A Systems-Level Approach to Human Epileptic Seizures

Rummel, Christian; Goodfellow, Marc; Gast, Heidemarie; Hauf, Martinus; Amor, Frédérique; Stibal, Alexander; Mariani, Luigi; Wiest, Roland; Schindler, Kaspar (2013). A Systems-Level Approach to Human Epileptic Seizures. Neuroinformatics, 11(2), pp. 159-173. Totowa, N.J.: Springer-Verlag 10.1007/s12021-012-9161-2

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Epileptic seizures are due to the pathological collective activity of large cellular assemblies. A better understanding of this collective activity is integral to the development of novel diagnostic and therapeutic procedures. In contrast to reductionist analyses, which focus solely on small-scale characteristics of ictogenesis, here we follow a systems-level approach, which combines both small-scale and larger-scale analyses. Peri-ictal dynamics of epileptic networks are assessed by studying correlation within and between different spatial scales of intracranial electroencephalographic recordings (iEEG) of a heterogeneous group of patients suffering from pharmaco-resistant epilepsy. Epileptiform activity as recorded by a single iEEG electrode is determined objectively by the signal derivative and then subjected to a multivariate analysis of correlation between all iEEG channels. We find that during seizure, synchrony increases on the smallest and largest spatial scales probed by iEEG. In addition, a dynamic reorganization of spatial correlation is observed on intermediate scales, which persists after seizure termination. It is proposed that this reorganization may indicate a balancing mechanism that decreases high local correlation. Our findings are consistent with the hypothesis that during epileptic seizures hypercorrelated and therefore functionally segregated brain areas are re-integrated into more collective brain dynamics. In addition, except for a special sub-group, a highly significant association is found between the location of ictal iEEG activity and the location of areas of relative decrease of localised EEG correlation. The latter could serve as a clinically important quantitative marker of the seizure onset zone (SOZ).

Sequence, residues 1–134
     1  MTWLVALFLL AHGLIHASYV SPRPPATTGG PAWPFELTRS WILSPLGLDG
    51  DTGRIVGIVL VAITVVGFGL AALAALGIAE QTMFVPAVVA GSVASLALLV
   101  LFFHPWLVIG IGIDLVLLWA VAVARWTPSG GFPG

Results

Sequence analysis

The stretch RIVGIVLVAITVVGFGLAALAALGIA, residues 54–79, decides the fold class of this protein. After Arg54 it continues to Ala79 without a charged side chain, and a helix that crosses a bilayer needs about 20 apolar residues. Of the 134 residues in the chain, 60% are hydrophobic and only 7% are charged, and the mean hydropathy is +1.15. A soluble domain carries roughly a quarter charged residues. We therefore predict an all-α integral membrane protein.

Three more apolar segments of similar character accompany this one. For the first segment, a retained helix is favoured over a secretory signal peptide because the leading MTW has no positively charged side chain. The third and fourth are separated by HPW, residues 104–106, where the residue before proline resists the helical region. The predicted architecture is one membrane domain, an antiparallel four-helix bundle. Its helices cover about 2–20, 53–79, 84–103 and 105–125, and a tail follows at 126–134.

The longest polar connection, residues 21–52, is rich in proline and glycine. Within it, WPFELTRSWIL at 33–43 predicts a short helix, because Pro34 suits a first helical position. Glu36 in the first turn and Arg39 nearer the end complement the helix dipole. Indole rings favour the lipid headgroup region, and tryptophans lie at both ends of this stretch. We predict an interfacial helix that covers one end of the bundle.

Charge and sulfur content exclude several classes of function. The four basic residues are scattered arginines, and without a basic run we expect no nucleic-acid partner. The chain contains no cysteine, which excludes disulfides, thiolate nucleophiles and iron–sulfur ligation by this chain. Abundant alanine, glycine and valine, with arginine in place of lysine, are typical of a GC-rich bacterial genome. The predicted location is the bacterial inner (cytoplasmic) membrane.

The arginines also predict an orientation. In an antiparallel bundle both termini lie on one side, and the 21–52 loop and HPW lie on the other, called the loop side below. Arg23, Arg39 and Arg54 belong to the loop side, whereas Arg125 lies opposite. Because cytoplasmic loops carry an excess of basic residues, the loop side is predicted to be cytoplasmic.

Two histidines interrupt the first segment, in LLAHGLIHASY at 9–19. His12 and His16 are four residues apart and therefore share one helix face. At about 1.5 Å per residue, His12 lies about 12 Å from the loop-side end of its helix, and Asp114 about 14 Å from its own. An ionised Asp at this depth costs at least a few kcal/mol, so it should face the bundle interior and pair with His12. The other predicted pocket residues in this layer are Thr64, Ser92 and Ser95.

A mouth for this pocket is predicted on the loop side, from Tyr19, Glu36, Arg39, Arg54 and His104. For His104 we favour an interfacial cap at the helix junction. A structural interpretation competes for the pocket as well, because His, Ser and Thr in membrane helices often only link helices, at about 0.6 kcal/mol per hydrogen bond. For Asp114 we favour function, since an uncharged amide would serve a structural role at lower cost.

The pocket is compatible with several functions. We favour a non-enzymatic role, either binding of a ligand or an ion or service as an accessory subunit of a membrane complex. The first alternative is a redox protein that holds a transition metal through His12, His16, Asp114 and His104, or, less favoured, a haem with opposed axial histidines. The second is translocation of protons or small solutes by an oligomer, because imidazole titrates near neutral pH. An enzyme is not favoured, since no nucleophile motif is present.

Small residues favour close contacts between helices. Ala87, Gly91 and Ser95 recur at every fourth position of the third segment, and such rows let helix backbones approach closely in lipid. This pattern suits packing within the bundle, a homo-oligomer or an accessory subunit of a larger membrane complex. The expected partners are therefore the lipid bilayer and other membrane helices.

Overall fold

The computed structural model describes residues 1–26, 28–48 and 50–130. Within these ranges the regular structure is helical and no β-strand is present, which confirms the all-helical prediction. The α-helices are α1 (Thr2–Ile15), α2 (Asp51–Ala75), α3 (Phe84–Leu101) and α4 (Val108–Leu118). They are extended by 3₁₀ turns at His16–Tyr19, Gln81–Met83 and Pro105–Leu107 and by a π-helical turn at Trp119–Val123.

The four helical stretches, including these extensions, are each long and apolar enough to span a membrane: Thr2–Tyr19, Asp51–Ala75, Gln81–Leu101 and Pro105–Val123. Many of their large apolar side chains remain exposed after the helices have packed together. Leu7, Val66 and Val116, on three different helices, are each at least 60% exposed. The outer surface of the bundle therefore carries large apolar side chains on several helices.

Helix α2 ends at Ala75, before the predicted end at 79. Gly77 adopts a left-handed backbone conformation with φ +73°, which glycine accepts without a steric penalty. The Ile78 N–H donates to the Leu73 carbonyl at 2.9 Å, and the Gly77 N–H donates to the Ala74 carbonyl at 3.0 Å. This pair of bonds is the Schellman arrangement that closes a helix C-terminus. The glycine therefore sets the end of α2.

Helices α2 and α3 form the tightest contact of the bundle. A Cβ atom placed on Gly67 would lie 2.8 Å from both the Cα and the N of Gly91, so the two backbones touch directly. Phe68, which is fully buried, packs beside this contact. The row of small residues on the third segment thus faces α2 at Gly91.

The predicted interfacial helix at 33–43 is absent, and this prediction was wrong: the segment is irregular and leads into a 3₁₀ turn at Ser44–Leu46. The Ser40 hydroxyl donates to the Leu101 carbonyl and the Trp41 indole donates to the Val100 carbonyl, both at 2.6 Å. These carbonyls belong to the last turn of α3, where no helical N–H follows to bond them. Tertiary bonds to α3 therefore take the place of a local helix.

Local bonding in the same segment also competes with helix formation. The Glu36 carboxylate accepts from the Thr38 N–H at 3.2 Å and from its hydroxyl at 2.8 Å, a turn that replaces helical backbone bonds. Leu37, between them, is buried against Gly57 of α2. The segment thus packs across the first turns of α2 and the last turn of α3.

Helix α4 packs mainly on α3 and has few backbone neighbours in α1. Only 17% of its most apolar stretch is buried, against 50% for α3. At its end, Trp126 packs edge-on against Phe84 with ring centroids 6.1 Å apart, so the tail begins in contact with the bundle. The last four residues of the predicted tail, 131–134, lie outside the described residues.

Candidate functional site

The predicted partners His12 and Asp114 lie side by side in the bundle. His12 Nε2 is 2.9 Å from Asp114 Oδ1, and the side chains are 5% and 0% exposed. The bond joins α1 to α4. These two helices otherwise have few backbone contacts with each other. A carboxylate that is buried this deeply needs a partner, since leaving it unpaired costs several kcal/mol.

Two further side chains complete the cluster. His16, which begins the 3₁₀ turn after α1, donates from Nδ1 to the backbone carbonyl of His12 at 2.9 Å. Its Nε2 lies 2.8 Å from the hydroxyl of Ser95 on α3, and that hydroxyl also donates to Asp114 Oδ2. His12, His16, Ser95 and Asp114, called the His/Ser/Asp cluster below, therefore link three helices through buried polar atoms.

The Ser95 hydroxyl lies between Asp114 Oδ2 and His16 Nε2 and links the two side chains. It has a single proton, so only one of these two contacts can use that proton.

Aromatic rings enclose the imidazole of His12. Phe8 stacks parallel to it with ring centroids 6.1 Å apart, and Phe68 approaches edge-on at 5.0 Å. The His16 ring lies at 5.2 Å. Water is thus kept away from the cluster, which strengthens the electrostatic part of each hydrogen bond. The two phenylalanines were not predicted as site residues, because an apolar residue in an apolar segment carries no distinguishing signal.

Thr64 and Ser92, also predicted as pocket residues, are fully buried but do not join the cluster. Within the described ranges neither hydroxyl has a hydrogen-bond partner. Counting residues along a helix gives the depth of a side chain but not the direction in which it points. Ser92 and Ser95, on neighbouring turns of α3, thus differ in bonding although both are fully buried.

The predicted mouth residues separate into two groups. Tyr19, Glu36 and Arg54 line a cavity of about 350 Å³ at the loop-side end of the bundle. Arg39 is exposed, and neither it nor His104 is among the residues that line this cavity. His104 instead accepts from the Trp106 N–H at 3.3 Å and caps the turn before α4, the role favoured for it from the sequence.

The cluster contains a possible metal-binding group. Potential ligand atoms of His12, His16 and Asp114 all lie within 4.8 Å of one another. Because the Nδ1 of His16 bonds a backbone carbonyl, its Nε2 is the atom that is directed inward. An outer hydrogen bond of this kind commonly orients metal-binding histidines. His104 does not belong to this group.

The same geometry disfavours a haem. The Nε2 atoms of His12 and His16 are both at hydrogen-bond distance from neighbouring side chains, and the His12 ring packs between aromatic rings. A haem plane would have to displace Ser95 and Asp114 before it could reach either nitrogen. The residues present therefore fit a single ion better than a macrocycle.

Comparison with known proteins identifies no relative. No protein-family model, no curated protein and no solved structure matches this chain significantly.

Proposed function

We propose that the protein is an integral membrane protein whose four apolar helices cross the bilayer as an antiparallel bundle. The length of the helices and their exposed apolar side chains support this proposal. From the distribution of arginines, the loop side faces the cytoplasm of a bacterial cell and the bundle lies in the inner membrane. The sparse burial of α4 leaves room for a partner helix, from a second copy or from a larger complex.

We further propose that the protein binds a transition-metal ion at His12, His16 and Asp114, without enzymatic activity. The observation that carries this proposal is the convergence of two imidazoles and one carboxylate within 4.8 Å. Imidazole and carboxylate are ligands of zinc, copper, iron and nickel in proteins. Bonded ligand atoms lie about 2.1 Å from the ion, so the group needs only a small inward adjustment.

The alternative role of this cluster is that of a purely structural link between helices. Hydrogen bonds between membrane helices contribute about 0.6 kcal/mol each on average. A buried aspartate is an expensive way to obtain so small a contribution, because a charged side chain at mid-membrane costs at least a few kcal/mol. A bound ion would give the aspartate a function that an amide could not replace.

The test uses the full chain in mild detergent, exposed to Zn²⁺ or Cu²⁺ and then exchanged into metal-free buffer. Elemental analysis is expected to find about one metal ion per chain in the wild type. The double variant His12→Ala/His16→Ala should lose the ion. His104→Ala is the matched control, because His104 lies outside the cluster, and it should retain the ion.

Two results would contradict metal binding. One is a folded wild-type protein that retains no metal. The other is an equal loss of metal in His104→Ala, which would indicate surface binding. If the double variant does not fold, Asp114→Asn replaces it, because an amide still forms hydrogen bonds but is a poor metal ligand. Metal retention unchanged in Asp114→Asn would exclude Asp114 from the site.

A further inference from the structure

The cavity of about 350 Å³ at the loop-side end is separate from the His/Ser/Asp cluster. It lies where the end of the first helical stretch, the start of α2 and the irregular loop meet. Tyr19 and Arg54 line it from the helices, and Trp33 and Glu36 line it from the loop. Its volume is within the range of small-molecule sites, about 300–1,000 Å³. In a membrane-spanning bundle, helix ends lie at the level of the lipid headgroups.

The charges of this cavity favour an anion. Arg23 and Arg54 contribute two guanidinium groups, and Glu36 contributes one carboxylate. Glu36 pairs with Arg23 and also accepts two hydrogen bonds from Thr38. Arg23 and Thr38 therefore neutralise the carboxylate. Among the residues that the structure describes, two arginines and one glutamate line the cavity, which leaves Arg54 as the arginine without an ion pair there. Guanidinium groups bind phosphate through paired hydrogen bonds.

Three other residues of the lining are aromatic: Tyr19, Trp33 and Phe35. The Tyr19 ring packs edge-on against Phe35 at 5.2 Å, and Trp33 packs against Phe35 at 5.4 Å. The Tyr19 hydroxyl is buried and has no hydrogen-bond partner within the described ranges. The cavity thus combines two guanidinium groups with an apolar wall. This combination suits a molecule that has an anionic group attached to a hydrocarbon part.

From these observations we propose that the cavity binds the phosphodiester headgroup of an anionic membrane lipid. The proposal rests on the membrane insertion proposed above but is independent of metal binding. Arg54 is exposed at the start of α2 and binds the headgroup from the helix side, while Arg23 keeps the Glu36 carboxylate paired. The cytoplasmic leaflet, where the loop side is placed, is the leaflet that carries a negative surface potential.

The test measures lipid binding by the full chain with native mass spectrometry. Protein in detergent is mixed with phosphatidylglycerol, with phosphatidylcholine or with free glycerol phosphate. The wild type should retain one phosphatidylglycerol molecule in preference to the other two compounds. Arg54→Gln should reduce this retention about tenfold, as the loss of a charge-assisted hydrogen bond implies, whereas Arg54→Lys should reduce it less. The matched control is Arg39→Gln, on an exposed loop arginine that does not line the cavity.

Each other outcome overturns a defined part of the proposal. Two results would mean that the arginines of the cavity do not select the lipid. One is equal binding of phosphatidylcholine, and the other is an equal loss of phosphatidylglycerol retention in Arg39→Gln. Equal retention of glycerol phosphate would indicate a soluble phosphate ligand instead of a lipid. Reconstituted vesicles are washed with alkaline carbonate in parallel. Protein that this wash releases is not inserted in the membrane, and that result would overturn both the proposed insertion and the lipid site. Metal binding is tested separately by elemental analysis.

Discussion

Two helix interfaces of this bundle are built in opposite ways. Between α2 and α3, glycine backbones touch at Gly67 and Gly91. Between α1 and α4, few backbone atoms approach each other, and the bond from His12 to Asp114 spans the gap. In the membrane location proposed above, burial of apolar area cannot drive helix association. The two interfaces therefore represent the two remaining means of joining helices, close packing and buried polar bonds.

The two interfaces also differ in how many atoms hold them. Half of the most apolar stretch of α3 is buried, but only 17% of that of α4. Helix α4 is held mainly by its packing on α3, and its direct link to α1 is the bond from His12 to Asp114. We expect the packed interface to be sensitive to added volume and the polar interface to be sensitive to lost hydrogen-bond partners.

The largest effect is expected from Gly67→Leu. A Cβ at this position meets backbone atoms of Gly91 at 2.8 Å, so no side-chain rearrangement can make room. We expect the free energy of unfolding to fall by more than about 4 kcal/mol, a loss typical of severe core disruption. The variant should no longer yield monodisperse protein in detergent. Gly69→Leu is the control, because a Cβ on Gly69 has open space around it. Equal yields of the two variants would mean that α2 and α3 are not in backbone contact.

Item Type:

Journal Article (Original Article)

Division/Institute:

04 Faculty of Medicine > Department of Head Organs and Neurology (DKNS) > Clinic of Neurology
04 Faculty of Medicine > Department of Head Organs and Neurology (DKNS) > Clinic of Neurosurgery
04 Faculty of Medicine > Department of Radiology, Neuroradiology and Nuclear Medicine (DRNN) > Institute of Diagnostic and Interventional Neuroradiology

UniBE Contributor:

Rummel, Christian; Gast, Heidemarie; Hauf, Martinus; Amor, Frédérique; Stibal, Alexander; Mariani, Luigi; Wiest, Roland and Schindler, Kaspar Anton

Subjects:

600 Technology > 610 Medicine & health

ISSN:

1539-2791

Publisher:

Springer-Verlag

Language:

English

Submitter:

Factscience Import

Date Deposited:

04 Oct 2013 14:30

Last Modified:

26 Jun 2018 15:12

Publisher DOI:

10.1007/s12021-012-9161-2

PubMed ID:

22961601

Web of Science ID:

000317609500004

BORIS DOI:

10.7892/boris.11575

URI:

https://boris.unibe.ch/id/eprint/11575 (FactScience: 217777)

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